Contrast Enhancing Microscopy

We demonstrate an all-optical, marker-free technique for bright field microscopy that enhances contrast, removes noise, and sharpens edges. The method relies on phase conjugation (the nonlinear reversal of a wavefront) and multiple transmission of light through an object. The setup is self-aligned, works at low power levels, and can be integrated easily with existing microscope and optical systems. In addition, the technique removes unwanted speckle and interference aberrations that are responsible for the unpopularity of coherent light sources in bright field microscopy.

A simplified experimental setup is shown in Figure 1. We demonstrate the method in the simplest configuration, with a double-pass microscope using a coherent light source.


Figure 1 - Simplified experimental setup : Collimated laser light at 532nm is focused onto a sample. The outgoing beam is sent to a phase conjugation mirror, and a self-aligned back-propagating copy of the signal beam undergoes a second transmission through the sample. A CCD camera collects the double-pass image.

Figure 2. shows experimental results on a prepared slide with a slice of corn stem. We compare a single-pass (normal transmission) image, a phase-conjugated image, and a double-pass, phase-conjugated image. For comparison, Fig. 2(d). shows a single-pass picture that has been numerically adjusted to the same amount of contrast; noise, speckle, and diffraction effects are all worse than the double-pass case.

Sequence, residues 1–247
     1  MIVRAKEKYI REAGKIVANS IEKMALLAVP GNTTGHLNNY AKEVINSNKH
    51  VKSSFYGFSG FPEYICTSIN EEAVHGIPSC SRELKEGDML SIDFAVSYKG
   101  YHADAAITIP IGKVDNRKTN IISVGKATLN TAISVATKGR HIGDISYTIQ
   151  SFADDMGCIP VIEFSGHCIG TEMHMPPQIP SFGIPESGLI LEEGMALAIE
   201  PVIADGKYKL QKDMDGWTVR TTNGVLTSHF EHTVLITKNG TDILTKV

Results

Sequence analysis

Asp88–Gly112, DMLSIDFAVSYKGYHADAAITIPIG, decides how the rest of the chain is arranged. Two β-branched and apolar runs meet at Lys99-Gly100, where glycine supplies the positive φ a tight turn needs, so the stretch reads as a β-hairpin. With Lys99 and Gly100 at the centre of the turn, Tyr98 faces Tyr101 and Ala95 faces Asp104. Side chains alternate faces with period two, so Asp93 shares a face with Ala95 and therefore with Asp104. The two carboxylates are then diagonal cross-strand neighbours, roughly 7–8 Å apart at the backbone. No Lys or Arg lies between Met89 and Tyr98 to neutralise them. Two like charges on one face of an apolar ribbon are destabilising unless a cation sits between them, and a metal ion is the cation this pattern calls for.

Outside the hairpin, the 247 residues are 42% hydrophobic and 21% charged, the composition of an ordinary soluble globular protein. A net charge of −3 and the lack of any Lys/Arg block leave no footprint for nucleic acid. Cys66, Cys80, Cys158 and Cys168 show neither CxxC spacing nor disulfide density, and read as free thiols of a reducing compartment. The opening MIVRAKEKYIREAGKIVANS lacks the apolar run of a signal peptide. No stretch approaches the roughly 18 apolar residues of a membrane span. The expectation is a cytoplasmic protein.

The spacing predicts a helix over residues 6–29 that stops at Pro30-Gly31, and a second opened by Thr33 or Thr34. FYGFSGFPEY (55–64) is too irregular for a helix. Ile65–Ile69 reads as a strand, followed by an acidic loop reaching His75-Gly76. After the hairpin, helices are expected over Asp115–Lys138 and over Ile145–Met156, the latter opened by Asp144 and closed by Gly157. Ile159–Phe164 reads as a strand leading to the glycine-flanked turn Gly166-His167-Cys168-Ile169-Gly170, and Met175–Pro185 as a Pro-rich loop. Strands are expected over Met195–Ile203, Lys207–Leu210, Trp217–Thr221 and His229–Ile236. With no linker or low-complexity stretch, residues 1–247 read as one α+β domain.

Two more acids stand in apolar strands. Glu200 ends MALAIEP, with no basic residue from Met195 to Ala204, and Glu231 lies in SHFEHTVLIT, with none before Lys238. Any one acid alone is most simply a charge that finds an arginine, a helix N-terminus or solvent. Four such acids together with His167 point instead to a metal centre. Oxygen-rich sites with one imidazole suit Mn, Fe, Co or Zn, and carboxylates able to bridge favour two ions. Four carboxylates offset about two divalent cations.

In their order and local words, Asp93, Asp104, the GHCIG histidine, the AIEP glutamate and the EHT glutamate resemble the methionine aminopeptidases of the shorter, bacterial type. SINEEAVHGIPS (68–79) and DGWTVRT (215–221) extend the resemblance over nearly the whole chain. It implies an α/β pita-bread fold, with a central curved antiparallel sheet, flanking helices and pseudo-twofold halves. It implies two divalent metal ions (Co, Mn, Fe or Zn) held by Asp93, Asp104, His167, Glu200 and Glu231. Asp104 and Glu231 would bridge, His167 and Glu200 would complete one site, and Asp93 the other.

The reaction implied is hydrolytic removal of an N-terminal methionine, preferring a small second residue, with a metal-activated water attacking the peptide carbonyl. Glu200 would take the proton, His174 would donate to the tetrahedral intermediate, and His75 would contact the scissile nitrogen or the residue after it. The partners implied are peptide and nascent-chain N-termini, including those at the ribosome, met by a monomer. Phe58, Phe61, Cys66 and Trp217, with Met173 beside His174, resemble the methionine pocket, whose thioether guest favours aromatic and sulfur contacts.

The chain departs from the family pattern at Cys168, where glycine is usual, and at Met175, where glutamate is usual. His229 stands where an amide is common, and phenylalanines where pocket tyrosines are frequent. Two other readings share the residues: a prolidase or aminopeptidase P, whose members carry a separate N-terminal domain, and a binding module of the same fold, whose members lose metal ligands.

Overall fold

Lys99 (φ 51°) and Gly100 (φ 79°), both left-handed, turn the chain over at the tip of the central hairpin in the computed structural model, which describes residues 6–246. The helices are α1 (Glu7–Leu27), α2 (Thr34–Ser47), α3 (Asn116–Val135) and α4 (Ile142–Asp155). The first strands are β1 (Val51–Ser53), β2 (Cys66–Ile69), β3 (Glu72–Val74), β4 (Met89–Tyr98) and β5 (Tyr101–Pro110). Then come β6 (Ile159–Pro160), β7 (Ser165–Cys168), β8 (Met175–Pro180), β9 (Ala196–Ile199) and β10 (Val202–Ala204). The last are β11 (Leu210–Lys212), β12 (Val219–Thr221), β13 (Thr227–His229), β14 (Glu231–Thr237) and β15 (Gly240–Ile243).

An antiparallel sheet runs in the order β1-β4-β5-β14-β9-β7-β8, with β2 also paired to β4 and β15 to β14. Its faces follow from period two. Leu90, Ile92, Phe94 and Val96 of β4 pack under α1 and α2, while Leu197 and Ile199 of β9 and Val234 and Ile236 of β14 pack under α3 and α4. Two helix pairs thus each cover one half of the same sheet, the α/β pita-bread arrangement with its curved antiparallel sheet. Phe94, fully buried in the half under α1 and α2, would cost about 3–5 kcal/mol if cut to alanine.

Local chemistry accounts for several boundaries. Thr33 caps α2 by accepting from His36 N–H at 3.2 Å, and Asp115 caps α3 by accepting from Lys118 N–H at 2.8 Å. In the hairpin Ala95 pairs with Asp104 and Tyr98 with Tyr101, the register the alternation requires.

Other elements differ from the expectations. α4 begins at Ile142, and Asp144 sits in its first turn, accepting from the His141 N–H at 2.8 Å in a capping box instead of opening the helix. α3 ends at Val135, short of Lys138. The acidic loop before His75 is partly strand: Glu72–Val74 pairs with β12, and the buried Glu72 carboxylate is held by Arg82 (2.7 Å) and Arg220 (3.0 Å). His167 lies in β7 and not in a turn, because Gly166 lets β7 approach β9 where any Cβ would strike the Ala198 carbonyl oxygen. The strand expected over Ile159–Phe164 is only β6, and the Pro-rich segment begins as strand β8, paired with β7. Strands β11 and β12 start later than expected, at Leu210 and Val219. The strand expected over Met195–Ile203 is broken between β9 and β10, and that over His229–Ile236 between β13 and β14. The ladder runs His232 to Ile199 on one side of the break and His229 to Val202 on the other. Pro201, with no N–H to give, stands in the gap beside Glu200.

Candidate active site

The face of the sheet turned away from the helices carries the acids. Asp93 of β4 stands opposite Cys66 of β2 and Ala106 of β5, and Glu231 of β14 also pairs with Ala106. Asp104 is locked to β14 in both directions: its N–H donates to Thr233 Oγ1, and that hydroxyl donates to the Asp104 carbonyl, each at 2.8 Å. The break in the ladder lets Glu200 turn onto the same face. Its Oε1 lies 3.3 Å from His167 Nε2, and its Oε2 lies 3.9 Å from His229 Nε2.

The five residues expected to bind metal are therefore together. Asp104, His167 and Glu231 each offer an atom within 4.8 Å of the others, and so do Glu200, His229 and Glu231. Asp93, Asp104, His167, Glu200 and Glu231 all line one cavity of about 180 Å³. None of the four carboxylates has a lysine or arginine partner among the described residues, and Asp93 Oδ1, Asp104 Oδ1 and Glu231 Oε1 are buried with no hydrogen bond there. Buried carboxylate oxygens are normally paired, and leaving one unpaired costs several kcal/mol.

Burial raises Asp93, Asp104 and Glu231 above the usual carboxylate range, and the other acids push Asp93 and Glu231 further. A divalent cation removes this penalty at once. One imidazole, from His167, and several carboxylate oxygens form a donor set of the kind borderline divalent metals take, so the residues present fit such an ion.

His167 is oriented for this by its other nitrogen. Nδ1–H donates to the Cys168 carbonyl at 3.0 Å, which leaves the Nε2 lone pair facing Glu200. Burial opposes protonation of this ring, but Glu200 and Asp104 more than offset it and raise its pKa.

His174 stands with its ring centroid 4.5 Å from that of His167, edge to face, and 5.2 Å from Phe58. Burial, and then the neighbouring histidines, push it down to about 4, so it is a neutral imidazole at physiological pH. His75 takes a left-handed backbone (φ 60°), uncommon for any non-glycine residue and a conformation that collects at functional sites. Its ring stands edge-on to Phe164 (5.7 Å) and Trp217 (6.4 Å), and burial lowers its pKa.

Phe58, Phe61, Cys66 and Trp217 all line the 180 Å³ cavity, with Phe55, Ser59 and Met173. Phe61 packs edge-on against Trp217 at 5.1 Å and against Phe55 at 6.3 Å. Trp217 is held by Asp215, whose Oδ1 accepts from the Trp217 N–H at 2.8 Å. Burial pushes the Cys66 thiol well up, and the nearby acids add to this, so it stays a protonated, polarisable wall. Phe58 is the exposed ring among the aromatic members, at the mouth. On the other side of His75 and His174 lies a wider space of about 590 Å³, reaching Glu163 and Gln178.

Figure 2 - Experimental results shows the advantages of all-optical phase-conjugation contrast enhancement : Contrast is enhanced as speckle noise and aberration (ringing) from out-of-focus layers is reduced. This technique enables the acquisition of fast, speckle free, coherent images, and is particularly useful for wide-field digital holography.

In conclusion, we have demonstrated an imaging technique that enhances contrast by using multiple passes through an object. Using a phase-conjugate mirror, images in each pass are self-aligned with the sample and automatically corrected for aberrations, speckle, and diffraction. Since the nonlinear element is separated from the sample, the technique is compatible with all existing microscopy setups can be implemented easily as an add-on. In addition, the nonlinearity itself enables further all-optical image processing capabilities, such as edge enhancement, amplification of low-level signals, wider field of view, more selective depth of field, resolution improvement, and noise control.

Related Publications

Contrast Enhancement by Double Pass Phase Conjugation Microscopy
N. C. Pegard and J. W. Fleischer,Frontiers in Optics, post-deadline paper,PDPA10, (2010)